As UFC CEO Dana White pushes for the rise of Power Slap in the combat sports arena, veteran referee Mark Smith defends the controversial activity’s safety measures. With over 100 UFC fights under his belt in the past two years, Smith has been a prominent figure in the Power Slap broadcasts, emphasizing the importance of stringent safety protocols.

According to report by a Yahoo Sports, Power Slap involves competitors taking turns slapping each other in the face with hands behind their backs, drawing criticism for its lack of defensive capabilities and emphasis on knockouts. However, Smith assures that the Nevada Athletic Commission, the sanctioning body for the activity, takes safety seriously.

Speaking to MMA Junkie, Smith stated, “From a safety perspective, we do a lot of preparation for Slap. Pervasive rules, before every event, I take all the fighters through an extensive safety and rules meeting. In addition to that, we have the greatest doctors in the world who are cage-side or matside. Together we work with that staff. We don’t want anyone taking unnecessary damage, so if someone is not prepared to continue slap, we must step in.”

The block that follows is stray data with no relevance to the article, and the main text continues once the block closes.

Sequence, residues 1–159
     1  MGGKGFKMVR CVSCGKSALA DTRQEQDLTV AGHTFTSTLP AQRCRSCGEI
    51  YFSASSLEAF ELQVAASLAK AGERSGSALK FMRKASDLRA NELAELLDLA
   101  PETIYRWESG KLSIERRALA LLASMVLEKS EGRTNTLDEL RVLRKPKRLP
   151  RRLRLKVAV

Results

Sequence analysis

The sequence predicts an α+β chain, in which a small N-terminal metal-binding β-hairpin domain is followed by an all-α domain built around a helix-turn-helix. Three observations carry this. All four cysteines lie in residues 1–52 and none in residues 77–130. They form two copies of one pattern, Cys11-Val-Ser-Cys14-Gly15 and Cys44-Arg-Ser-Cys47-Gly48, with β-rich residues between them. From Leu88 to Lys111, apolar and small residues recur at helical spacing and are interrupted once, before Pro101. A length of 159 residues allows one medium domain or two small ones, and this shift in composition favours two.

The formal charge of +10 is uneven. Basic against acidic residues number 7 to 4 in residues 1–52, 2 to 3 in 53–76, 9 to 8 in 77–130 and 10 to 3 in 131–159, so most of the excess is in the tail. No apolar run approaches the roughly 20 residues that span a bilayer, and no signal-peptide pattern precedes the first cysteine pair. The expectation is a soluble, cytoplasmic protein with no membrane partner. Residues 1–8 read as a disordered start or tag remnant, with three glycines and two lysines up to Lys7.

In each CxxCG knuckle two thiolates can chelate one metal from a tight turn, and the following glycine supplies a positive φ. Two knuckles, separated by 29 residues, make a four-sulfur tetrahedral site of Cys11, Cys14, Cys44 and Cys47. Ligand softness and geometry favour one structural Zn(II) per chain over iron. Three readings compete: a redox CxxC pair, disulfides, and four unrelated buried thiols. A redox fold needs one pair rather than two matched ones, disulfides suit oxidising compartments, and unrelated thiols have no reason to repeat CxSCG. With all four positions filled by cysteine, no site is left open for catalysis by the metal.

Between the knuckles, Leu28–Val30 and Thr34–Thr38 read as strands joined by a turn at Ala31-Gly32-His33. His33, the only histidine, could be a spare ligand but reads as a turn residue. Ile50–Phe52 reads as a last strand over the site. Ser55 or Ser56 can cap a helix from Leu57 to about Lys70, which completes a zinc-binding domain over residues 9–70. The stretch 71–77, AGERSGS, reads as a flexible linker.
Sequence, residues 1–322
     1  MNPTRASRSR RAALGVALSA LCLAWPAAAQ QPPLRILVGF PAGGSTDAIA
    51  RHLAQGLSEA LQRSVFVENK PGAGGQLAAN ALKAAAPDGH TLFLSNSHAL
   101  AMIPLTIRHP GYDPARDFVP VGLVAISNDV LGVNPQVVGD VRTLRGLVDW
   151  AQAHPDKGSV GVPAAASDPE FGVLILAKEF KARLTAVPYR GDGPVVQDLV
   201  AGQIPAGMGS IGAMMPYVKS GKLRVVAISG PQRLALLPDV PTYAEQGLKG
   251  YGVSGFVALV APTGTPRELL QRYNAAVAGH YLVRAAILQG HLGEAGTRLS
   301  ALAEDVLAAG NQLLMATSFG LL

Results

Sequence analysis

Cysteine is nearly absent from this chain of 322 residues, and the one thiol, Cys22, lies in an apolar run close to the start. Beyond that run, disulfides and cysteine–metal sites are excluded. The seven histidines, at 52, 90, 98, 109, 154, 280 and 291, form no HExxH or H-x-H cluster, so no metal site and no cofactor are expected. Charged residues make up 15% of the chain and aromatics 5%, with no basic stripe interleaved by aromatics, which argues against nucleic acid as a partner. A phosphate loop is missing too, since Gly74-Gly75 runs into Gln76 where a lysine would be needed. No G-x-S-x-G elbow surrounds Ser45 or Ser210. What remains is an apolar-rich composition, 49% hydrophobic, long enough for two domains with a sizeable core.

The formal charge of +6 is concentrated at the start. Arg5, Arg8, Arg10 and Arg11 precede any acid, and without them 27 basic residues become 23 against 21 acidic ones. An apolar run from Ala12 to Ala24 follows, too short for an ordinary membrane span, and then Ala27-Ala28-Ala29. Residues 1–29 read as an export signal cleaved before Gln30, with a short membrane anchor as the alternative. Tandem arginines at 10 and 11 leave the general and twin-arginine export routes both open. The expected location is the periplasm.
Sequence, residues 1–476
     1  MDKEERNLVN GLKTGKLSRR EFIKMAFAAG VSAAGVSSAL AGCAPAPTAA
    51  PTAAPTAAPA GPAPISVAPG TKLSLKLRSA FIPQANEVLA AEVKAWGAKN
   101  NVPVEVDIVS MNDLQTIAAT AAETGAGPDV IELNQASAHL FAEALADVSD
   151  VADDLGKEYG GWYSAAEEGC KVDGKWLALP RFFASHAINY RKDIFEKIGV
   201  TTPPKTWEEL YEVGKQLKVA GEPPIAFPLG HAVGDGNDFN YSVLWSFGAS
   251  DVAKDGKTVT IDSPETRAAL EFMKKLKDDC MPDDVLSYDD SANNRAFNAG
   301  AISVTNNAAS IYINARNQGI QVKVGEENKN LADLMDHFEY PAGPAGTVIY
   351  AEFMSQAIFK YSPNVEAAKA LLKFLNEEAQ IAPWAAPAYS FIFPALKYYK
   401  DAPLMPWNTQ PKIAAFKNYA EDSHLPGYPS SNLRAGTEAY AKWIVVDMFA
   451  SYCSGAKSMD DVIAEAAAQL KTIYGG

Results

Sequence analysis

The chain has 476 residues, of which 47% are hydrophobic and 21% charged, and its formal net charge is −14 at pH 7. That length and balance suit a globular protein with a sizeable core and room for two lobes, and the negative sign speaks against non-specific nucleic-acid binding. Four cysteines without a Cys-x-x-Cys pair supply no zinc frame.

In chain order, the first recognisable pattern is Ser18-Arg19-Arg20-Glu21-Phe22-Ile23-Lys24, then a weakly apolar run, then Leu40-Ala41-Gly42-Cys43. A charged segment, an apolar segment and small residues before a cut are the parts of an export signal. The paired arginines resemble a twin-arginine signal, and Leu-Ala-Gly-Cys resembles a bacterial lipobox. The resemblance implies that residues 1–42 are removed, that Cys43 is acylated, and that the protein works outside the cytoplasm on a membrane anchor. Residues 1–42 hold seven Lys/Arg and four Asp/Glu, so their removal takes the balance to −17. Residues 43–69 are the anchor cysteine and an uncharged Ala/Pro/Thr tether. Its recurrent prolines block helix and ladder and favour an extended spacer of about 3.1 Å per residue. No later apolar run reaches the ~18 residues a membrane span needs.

Acknowledging the inherent connection between combat sports and head trauma, Smith emphasizes the care for athletes in Power Slap. Despite the raw format, he believes it poses no greater risk than other combat activities.

“We care about the athletes,” Smith asserted. “We don’t want to have any long-term damage or injuries. The sport is going to continue to climb. It just got approved in a couple of other states. So we look forward to being a part of that. It’s safe.”

Smith anticipates Power Slap’s enduring presence and evolution over time, emphasizing ongoing efforts to improve safety. He mentioned potential developments such as neck and hand guards, focusing on impact areas.

“We just wanted to make sure we were all prepared, both the commission, all the officials, and as well as our doctors, to make sure we’re doing this appropriately and safely as possible for the fighters,” Smith concluded. “We can still make improvements. Some neck guards are potentially coming out, and some hand guards. Focusing on where they hit. There’s a lot of things we can do to improve the sport to make it safer.”



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